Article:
AND GOD SAID: REALLY? | An interview with London artist Gordon Glyn-Jones

We chat to Zimbabwe-born UK artist Gordon Glyn-Jones, who is holding a solo exhibition of paintings and drawings at Hoxton Arches Gallery on 28 and 29 May


How did you get to this point?

In the ‘90s I studied Fine Art at the University of Cape Town. Michaelis is a good academy, but at the end of apartheid was steeped in post colonial angst. I was from Zimbabwe and mentally we had begun our transformation ten years earlier. I also had a fair measure of technical expertise but not much to say visually. At the time there was amazing new press freedom and opportunity on offer, so I started a magazine similar to Time Out. I also felt that if I was to make interesting art I needed to be punched in the face by life a few times.

So after a successful publishing career now is the time?

I have been evolving my work over the last eight years but now is the time to start showing. To use the chrysalis metaphor might seem quaint but this is how I feel. I have been a pupa fattening up on experience; hopefully my wings will be worth looking at.

Why have you chosen such a big venue for your first exhibition in London?

My work is large by nature and its best presented in a venue of this size. Plus it’s a beautiful old up-cycled railway arch and I couldn’t resist. (It’s 50m from the Hoxton Overground station, so also easy for people to get to). There are places left on the guestlist, so if anyone wants to come they can contact me via my website:

What is your work about?

I seek to represent the beauty which is always a by-product of the change between two states. For example, the most striking skies are formed at dusk and dawn. The drama surrounding conception and death fuel our greatest works of art. My oils inhabit the space between our animal and sentient selves; they are evocative altars to a dying natural world. My pencil works, much more simply, explore the essence of kites.

How do kites fit in?

The kite is a simple, human construct that connects two elements. I am investigating the sculptural and metaphoric nature of ‘kite-essence’. This very personal motif has grown well beyond what you’ll find hobbyists flying each weekend. I travelled to China and Taiwan and discovered a rich ancient heritage of totemic kite making.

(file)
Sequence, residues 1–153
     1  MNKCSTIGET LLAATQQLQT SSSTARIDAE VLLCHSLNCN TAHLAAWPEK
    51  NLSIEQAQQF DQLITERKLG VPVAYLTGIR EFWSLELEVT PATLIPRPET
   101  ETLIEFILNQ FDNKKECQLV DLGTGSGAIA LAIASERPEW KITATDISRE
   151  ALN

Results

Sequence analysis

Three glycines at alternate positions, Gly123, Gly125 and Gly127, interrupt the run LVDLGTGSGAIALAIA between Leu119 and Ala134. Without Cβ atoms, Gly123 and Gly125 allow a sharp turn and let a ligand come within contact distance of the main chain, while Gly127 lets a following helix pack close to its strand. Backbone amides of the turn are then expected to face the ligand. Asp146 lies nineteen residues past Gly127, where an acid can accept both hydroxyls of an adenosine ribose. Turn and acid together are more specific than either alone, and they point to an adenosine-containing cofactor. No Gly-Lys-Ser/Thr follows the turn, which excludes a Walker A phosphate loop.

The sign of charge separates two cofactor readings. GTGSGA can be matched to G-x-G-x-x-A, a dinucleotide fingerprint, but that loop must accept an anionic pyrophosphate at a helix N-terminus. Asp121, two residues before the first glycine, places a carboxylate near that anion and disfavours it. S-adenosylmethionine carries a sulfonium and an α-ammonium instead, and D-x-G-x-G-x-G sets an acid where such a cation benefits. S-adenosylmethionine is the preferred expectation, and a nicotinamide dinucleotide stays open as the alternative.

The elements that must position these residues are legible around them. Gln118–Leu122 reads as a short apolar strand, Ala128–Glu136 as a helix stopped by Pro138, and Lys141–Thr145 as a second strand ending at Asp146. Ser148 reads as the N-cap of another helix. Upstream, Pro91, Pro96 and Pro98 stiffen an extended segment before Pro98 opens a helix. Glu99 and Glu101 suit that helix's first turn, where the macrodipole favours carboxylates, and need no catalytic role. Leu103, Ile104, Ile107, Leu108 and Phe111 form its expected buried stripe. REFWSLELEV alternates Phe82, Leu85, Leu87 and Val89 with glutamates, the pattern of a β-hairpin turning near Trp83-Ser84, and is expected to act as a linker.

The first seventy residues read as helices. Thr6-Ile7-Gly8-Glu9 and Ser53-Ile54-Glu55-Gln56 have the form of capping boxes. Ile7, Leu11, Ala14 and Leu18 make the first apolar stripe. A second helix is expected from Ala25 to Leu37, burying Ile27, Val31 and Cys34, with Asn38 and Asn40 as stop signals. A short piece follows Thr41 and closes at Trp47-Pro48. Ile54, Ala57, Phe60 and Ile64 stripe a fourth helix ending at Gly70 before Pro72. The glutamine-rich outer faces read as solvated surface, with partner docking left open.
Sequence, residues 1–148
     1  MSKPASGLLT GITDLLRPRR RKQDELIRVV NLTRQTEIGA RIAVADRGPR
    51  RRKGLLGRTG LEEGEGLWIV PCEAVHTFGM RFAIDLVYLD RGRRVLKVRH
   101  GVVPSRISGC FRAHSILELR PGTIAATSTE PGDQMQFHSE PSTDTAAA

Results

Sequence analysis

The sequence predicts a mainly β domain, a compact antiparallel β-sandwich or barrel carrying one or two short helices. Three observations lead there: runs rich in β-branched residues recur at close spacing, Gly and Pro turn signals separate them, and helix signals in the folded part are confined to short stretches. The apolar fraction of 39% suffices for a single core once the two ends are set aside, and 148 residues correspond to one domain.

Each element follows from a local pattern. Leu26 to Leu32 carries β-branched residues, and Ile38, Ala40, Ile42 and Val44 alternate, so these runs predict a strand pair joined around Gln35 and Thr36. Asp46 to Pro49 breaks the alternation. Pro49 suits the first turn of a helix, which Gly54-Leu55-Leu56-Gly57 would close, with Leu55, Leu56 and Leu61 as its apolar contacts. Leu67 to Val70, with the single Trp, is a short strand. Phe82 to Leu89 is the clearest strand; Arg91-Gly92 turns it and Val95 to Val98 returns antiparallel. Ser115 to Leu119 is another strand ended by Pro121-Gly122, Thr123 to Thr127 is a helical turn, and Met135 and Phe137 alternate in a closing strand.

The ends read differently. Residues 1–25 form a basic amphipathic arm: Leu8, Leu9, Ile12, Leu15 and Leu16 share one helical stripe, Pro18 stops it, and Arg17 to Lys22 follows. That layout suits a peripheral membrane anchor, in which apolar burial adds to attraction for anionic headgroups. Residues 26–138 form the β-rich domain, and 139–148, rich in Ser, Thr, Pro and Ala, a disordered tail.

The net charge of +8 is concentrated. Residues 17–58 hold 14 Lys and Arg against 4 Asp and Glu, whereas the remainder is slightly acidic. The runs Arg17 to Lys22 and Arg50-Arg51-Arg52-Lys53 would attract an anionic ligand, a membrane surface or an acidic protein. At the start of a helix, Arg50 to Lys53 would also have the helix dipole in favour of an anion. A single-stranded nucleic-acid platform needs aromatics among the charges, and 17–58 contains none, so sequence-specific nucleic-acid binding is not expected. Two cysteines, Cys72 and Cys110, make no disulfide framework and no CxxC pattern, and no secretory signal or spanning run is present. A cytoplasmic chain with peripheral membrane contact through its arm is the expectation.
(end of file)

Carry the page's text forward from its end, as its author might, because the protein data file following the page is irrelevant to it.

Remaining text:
It was refreshing to bring my academic training to a completely new (but ancient) artistic tradition. It struck me that the intersection of Chinese and Western culture is an interesting and exciting place to inhabit. I do large 4m-wide scrolls consisting of a grid matrix of scores of smaller, highly detailed pencil works similar to the tradition of technical drawing.

What does the title: AND GOD SAID: “REALLY” mean?
My work can also be read from an environmental perspective and the title is to do with what we are doing to ourselves. In essence we are the first species to have dominion over the animals, but forget that we are still animal in nature and subject to its laws. I guess you could say my work is nature staring us down for a fight that it knows it’s gonna win. I think growing up in Africa with animals in their natural state ensures that relationship is strong in my mind.

Did growing up in Zimbabwe influence your work?
I was very lucky to have started my art career under the fabulous artist Helen Leiros who runs Delta Gallery in Harare. Anyone who has ever had this privilege will tell you it’s like dashing towards the embrace of a tornado. If you make it out alive with Helen’s approval you have some chance in the art world; if not, you’ll know about it. She’s passionate and deeply loves her students but tells it like it is.

How have you found the reception of the London art scene?

I have had extremely positive feedback. As a matter of fact the demand for Southern African art has increased tenfold in the last five years. Artists such as the Wylie brothers, Craig and Duncan, Lionel Smit, Tapfuma Gutsa and Paul Emsley have all laid the ground and gallerists are on the lookout for new diaspora artists. I believe there will be a group show quite soon celebrating the best of them.

I will be writing a monthly column in The South African so watch this space!


Hoxton Arches Gallery, next to Hoxton Overground Station
There will be two nights to choose from: Private View – THURSDAY, MAY 29, 2014 – 5.30pm and Open Night – FRIDAY, MAY 30, 2014 – 6.30pm.

For guestlist email: or visit: